Richard Neville: The taboo-breaking 'practising futurist'

Australian journalist Richard Neville, the central editor of Oz magazine, with his girlfriend Louise Ferrier, 5th August 1968. Image copyright Getty Images
Image caption Richard Neville, here with then-girlfriend Louise Ferrier, drew writers, rock stars and even MPs to his defence

He was a provocateur, journalist and self-proclaimed "practising futurist" whose satirical magazine landed him in prison in Australia and in the UK, where John Lennon and Yoko Ono marched in protest at his sentence.

Richard Neville, a writer and social commentator who has died at the age of 74, was one of the 1960s' most prominent Australians.

With friends from university, he co-founded Oz, a counterculture magazine that paraded pop art alongside subjects that were taboo in socially conservative Australia. It would rattle many cages.

"There was lots of stuff going on in the ether that was beginning to make life quite a lot different from the life of our parents, and I guess you could say sex, drive-in movies, rock and roll, the pill.

"We were going to leave the '50s forever and something interesting would take place in the '60s," he told ABC radio in 2013.

Image copyright Roger Jackson
Image caption Richard Neville's friend said he had been suffering from Alzheimer's

His dissenting publication derided Australia's attitudes to sex and sexuality, and ploughed head-first into the treatment of Aboriginal peoples, abortion and Australia's participation in the Vietnam War.

The first edition was published, suitably enough, on April Fool's Day in 1963, and within hours had sold thousands of copies.

But he did more than just stoke controversy.

When "The Oz Guide to Sydney's Underworld" was released, Lenny McPherson, a legendary criminal who was number two on the list, confronted Neville at his home.

Details are sketchy, but it is safe to presume frank views were exchanged.

Neville's famous battles with the authorities began after only three issues of the magazine had been produced.

He and co-editors Richard Walsh and Martin Sharp were charged in Australia with distributing an obscene publication. They all pleaded guilty and were fined.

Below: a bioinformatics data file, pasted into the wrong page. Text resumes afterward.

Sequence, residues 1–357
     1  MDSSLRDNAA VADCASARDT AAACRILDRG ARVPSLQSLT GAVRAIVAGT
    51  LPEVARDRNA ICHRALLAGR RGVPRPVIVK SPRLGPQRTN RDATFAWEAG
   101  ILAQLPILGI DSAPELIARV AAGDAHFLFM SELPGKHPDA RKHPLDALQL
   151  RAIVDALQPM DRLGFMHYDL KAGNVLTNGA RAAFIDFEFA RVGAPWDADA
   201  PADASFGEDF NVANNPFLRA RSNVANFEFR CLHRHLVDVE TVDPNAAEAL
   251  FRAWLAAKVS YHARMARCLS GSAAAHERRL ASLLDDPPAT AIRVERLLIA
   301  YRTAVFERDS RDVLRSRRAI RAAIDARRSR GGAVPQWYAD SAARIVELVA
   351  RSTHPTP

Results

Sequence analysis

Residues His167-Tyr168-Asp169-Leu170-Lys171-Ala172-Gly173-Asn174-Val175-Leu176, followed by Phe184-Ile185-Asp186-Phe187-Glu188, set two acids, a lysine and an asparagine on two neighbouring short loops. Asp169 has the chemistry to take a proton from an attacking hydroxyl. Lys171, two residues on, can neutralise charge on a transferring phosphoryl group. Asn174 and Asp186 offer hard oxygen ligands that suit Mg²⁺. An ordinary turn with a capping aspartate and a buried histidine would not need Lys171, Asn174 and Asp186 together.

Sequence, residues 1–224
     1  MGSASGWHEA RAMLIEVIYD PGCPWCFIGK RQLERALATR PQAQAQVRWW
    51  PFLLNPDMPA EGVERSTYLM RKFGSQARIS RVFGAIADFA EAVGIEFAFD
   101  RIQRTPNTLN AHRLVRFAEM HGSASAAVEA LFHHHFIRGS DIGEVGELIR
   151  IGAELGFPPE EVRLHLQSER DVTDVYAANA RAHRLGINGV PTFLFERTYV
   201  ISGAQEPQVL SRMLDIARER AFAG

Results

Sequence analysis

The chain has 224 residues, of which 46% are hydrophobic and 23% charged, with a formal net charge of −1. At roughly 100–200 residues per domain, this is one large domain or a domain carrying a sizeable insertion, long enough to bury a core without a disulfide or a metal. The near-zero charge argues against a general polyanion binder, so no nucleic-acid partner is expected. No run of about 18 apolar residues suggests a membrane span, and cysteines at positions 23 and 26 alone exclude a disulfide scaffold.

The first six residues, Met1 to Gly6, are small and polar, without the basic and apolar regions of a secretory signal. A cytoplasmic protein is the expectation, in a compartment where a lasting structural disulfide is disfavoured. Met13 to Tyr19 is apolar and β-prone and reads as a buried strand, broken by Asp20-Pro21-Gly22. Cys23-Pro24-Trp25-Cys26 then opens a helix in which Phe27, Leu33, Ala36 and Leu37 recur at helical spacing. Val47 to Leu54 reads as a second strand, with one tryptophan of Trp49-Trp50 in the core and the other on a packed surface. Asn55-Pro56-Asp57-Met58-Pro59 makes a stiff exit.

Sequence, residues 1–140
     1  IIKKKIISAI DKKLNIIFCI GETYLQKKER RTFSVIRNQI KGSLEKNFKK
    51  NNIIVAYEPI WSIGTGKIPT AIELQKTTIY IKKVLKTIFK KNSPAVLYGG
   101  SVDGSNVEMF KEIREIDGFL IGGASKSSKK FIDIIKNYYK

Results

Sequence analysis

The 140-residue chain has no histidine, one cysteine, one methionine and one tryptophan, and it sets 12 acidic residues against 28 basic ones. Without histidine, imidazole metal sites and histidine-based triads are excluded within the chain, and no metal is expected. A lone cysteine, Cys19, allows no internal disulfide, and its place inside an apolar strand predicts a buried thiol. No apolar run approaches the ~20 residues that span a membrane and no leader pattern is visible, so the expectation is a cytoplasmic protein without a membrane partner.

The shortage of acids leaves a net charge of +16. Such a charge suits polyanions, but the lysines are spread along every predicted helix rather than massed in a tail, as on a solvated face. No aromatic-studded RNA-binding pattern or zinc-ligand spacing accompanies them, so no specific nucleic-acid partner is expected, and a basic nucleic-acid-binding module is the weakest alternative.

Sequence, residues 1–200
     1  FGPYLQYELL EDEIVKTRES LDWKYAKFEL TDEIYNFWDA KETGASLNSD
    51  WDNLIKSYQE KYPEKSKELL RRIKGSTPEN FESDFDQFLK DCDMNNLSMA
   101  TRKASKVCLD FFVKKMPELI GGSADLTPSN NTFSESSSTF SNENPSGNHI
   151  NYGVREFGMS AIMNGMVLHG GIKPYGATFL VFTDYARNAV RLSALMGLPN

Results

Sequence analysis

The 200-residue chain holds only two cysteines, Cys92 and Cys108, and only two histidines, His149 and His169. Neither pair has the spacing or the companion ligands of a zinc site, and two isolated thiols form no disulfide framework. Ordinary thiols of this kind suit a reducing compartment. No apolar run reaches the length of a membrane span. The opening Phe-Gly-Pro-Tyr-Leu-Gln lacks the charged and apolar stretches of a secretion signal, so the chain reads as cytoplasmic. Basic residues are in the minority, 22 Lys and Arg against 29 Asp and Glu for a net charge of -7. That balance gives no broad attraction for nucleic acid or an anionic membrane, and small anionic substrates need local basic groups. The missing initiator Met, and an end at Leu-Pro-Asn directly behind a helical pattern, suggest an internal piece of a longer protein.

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Image caption Richard Neville (left), Jim Anderson (centre) and Felix Dennis (right), in London in 1971

They later faced court again over a cover photograph of Walsh and two friends pretending to urinate into a fountain. Prison sentences were eventually thrown out on appeal and, now free to travel, Neville headed to London in 1966 to set up a British version of his magazine.

It was a runaway success but it would be another brush with the establishment that would make him a household name.

A 'youth quake'

On travelling to London, he said: "The night after I arrived, there were incredible poetry events at the Roundhouse (a concert venue in Chalk Farm).

"The Rolling Stones and the Beatles and incredible fashions and a challenge against the establishment... a youth-quake was going to happen there."

In the early 1970s, Neville and his colleagues were charged with "conspiracy to corrupt public morals" after an edition edited by school children took aim at paedophile teachers.

What followed was the longest obscenity trial in British legal history.

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Image caption Supporters, here burning an effigy of the judge in the Oz obscenity trial, rallied to the defence of the magazine

His legal team said the case was a struggle of liberty and freedom of speech. John Lennon and Yoko Ono marched in rallies to protest against the guilty verdicts and wrote a song to raise money.

God Save Oz includes the words: "Oh God save us one and all, oh God save us from defeat, oh God save us from the war, oh God save us on the street."

Even British MPs argued on the defendant's behalf, amid Cold War concerns about how the UK's treatment of radical thinkers might be compared with the iron hand of the Soviet Union.

Neville was given a custodial sentence - a decision that was overturned on appeal. He gave up editing the magazine that defined him and its last issue rolled off the presses in November 1973.

"Richard Neville was the most charming man I ever met," wrote Richard Walsh in an obituary for The Australian.

"He didn't possess the superficial charm of an actor or politician; he was genuinely interested in people and curious about life in all its manifestations."

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Image caption The impact of the magazine and its producers lasted well beyond its few years in print

Richard Neville went on to cover US elections for newspapers in Britain. In 1980, he married journalist Julie Clarke and they had two daughters, Lucy and Angelica.

Struck down by Alzheimer's disease, he died in the Australian seaside town of Byron Bay, surrounded by his family.

Twitter has hummed with tributes: "One of the first verbal anarchists" remarked one tweet, "Australia has lost a marvellous maverick," said another.

To his legions of fans, Neville will always be "the Wizard of Oz".

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